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Tips for Building a Successful Career as an Author: Week Three - Perseverance
Written by
She Writes
July 2018
Written by
She Writes
July 2018

Continue reading Jamie Beck's month-long series on tips for building a successful career as an author. 

Greetings! We’re heading into the third installment of this series of posts outlining tips to help you build a successful career as an author. If you’d like to read these posts in order, you can read the first two posts about craft and goal setting. Today we will be talking about the importance of perseverance.

Whether you choose a traditional career or embark on the entrepreneurial world of self-publishing, you need a thick skin, a lot of patience, and a resilient attitude. I’ll first address the traditional publishing world because that is what I know best.

Getting an Agent to Notice You

I wrote three manuscripts before I got an agent (although my second manuscript ended up being the first book published). I’ll be getting into that story in the final installment of this series, but the short version is that I kept writing, kept using disappointment and critical feedback to improve, and got much better at researching and pitching agents. This is extremely important because landing an agent is just as much about finding the right fit as it is about writing a good book. Quality research will help you identify the agents who are most likely to connect with your storytelling style.

There are a few ways to approach this research. For example, Writer’s Digest publishes a directory each year that lists all the agencies and agents, their preferences, and more. You can also use online references like agentquery.com to do your research. Additionally, many agents participate in pitch contests on Twitter (Savvy Authors runs some, and Pitch Wars runs #pitmad), so you can take a shot in those contests. 

Another way to get a beat on agents and editors is through conferences. Most of the reputable ones will have a few agents and editors in attendance (e.g., CTRWA’s Fiction Fest in September will have eight in attendance). Some conferences offer formal pitch sessions, some set up “pay to play” roundtables where you get critical feedback on work you submit in advance, and all provide informal opportunities to meet and mingle (in the bar or at a lunch table). If you are confident, articulate, have honed your pitch to a great log line, and are able to describe your story in a few short sentences, conference pitching is a great way to get your manuscript out of the slush pile.

For those who tend to be more introverted, the traditional querying method is yet another path to finding an agent. After unsuccessful attempts at finding an agent to represent my first two manuscripts, I got smarter about this process. I now recommend personalizing each query by reading agent interviews. This not only gives you a sense of his or her personality, but also gives you something specific to mention in the opening of your letter about why you have contacted that agent. Scour each agent’s author list looking for one or two whose work is similar to yours, read those books, and then note agents most likely to like your work based on that research. With that information in hand, make an informed comparison in the opening of your query too.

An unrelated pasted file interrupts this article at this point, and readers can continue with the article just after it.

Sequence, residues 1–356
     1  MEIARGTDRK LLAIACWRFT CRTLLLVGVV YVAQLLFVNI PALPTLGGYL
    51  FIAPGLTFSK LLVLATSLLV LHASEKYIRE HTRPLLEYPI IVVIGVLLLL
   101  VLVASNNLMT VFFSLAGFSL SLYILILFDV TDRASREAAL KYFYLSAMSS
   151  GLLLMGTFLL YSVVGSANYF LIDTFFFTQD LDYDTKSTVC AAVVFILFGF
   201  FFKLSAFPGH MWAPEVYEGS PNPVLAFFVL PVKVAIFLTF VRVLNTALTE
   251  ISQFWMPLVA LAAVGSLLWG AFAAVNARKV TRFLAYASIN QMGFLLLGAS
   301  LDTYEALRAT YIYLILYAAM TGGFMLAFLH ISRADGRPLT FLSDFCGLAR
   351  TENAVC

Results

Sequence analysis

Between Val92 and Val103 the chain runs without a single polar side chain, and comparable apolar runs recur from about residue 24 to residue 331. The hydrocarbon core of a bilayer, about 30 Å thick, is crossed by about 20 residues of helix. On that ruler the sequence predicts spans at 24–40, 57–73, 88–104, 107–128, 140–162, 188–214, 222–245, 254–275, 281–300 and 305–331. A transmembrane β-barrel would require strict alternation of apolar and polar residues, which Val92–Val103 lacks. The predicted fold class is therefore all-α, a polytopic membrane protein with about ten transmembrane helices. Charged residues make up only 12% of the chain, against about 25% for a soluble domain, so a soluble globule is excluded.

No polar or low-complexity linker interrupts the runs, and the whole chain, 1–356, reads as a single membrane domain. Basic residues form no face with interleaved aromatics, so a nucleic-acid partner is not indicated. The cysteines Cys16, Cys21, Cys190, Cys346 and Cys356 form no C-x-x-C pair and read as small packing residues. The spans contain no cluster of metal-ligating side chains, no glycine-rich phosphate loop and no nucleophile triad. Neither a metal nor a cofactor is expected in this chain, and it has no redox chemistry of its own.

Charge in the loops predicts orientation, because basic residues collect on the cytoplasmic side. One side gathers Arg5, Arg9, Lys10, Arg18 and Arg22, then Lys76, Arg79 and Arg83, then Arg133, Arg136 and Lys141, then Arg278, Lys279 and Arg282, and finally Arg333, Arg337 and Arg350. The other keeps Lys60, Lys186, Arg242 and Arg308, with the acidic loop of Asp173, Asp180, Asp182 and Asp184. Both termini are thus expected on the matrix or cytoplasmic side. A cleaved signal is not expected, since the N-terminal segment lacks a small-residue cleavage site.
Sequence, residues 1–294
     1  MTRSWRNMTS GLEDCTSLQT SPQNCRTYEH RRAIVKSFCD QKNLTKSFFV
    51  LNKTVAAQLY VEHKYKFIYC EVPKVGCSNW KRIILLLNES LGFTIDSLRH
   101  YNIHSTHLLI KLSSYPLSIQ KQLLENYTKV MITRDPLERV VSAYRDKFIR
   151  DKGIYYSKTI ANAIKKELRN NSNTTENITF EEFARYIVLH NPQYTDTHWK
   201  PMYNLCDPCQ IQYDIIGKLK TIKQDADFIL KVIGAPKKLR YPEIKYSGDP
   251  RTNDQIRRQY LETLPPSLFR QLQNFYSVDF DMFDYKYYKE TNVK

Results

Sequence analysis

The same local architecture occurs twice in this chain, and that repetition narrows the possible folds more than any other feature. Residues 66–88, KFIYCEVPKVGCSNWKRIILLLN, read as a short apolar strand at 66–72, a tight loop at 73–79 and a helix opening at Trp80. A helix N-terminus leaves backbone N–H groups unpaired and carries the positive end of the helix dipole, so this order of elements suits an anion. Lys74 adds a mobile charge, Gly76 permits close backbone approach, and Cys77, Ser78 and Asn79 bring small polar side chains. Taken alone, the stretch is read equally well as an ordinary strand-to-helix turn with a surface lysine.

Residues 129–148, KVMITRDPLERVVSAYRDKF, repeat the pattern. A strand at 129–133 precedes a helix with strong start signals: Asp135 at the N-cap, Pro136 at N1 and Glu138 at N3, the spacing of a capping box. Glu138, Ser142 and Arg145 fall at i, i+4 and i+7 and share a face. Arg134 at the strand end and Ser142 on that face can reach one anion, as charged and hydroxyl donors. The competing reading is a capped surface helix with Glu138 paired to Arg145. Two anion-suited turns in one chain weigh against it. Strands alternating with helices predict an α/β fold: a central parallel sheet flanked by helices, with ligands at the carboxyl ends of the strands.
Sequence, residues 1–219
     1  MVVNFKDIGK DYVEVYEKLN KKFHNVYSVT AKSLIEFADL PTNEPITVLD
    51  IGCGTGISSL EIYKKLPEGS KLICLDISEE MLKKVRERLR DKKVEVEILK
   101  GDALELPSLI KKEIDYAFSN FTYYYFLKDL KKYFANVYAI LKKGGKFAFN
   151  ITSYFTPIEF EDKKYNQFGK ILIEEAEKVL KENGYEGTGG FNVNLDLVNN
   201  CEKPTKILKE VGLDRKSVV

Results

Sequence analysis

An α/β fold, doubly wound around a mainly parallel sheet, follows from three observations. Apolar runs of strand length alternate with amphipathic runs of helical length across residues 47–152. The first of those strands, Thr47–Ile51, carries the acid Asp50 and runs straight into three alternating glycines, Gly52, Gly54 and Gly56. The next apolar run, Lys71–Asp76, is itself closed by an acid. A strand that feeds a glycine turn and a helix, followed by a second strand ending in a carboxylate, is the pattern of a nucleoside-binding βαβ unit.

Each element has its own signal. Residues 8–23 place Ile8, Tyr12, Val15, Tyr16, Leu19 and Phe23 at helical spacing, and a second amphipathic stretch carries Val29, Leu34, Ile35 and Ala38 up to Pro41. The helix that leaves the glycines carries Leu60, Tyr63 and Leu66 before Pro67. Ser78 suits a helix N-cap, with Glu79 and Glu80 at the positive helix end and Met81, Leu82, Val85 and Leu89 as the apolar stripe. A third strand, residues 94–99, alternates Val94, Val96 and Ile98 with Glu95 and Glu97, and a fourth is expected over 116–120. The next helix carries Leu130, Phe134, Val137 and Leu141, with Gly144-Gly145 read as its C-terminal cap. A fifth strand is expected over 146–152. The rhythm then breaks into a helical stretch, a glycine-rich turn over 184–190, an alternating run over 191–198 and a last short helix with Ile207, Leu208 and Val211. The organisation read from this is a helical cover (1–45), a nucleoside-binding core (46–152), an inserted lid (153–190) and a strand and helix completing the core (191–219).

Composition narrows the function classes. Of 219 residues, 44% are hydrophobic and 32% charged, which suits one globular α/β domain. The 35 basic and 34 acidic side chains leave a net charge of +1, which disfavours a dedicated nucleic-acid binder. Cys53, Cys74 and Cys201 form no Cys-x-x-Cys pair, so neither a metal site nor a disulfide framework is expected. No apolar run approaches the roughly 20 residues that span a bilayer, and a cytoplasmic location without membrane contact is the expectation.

When you have your personalized letters ready to go, be patient. The first time I ever queried, I sent a huge batch of identical queries out simultaneously and then waited for replies. The third time, I divided agents into batches, figuring that if the first five rejected me, I could change my query letter so that I might get a different result with the next five. At this point, however, I’d gotten much better at writing a tight query letter and, when my dream agent offered in that first round, I notified the others before they’d even finished reading the manuscript.

Regardless of how you set about finding an agent, what all of the foregoing should show is that patience is critical. Slowing down and taking a methodical approach to querying has a much better chance of paying off. And while some authors do very well without an agent, I view mine as a career-building partner in every sense of the word. She has more experience and contacts, and she listens to all of my ideas and talks me out of the bad ones. She also fights for bigger advances, narrow noncompetes, and other things that have helped to propel my career.

For Self-Published Authors

If you’re thinking, “Meh, I don’t want a traditional deal, so this isn’t relevant,” think again. If you choose to self-publish, you will also have to hone these skills and more, because you will be dealing with freelance editors, publicists, cover artists, and booksellers. The good freelance editors have lots of clients, so you will need to stick to their schedule and wait for your slot. You will need to research publicists and relevant blogs, learn to write pitch letters to get on blog tours, get advanced reviews, and to speak at libraries and bookstores. You will need to learn to format your book for the different distribution platforms (or find someone you can pay to do that). All of these things require a great deal of patience to ensure that, ultimately, your book is the very best quality it can be and has all of the levers ready to pull to give it the best launch possible.

Building a Network

But launching a book successfully doesn’t simply require a well-crafted story, some good advertising, advanced reviews, and a blog tour. You also need a network of industry professionals who are eager to help you. For more information about how to build that network, please join me for the fourth segment of this series next Monday.

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